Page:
If you know me, you know I’m militantly pro-breastfeeding-in-public. I nursed my daughter for her first year of life, often in public and rarely with a cover. I’ve breastfed on the beach, in malls, in airports and on planes, in restaurants and even on my front lawn. And I did it with a “say something, I dare you” look on my face every time. Which, when you think about it, is ridiculous. No woman should ever feel defensive for wanting to breastfeed her child in public. Nor should a woman be denied a public space for making good on her breasts’ biological function.
Currently, a proposed bill in Texas would protect a mother’s right to breastfeed in public and two University of North Texas students have created an amazing ad campaign to rally support for it, and illustrate what it’s like when women don’t have that right. Aptly named “When Nurture Calls,” the campaign shows young mothers forced to feed their children in dirty public bathroom stalls:
The copy at the bottom of each image reads, “Would you eat here? By law, breastfeeding mothers are not protected from harassment and refusal of service in public, often forcing them to feed in secluded spaces such as public bathrooms. Contact your state and/or local representative to voice your support for breastfeeding mothers, because a baby should never be nurtured where nature calls.”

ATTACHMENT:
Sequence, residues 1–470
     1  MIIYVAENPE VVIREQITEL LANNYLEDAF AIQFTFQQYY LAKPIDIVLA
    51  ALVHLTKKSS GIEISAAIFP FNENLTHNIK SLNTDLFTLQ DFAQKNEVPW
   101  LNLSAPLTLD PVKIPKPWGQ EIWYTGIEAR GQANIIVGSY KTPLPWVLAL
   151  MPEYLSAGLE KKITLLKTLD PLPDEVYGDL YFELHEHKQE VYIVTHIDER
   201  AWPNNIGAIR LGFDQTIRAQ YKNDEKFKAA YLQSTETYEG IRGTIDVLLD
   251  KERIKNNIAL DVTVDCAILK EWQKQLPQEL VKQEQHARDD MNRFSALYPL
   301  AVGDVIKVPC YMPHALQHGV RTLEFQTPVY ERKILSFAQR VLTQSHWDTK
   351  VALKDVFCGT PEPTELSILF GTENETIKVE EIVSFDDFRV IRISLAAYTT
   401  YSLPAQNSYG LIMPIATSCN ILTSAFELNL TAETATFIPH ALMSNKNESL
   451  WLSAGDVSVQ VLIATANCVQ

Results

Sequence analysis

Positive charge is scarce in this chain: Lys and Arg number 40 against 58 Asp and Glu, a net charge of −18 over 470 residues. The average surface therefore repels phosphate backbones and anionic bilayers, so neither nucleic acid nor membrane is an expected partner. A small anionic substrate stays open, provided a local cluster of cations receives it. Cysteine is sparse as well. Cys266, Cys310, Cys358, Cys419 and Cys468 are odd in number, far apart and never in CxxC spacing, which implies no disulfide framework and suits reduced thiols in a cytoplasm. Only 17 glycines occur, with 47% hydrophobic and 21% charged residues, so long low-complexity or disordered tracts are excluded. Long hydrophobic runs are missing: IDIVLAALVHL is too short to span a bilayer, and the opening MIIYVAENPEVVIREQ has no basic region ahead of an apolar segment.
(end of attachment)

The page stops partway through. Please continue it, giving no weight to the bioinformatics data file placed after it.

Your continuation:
Despite encouragement from the government, public health experts and researchers to breastfeed infants, women are often scrutinized, ostracized and inappropriately sexualized for doing so in public spaces. Nothing better underscores this point than the criticism being lobbed at this campaign, with social media commenters accusing the images as encouraging women to expose their “sex objects.”
One of the young women who participated in the ad, Monica Young, responded to critics in a Facebook thread, saying “Despite all the hate and negativity that surrounds this topic, I am proud of all the moms who continue to nurse in public. Whenever, however, wherever around whoever, black, white, fat, skinny, 15 years old, 35 years old, keep it up. If people are going to waste their energy on so much hate toward innocent mothers doing what’s best for their children, then their opinions are of no value in the first place.”
Another Facebook commenter added credence to the campaign — and the need for legislation protecting breastfeeding mothers’ rights — with her personal experience: “I fed my child once in a bathroom stall. I cried. I cried for my child as the person next to me defecated and the foul stench reached my nostrils. I cried because I was ashamed at doing something as harmless as feeding my tiny helpless infant. I told myself never again. I had no support until I started standing up for myself and my baby.”
At the end of the day, breasts are made for feeding. There is nothing lewd, crass, trashy or otherwise inappropriate about breastfeeding — no matter where it takes place.
And if logic or anecdotal support aren’t enough to validate this campaign, these memes might do the trick: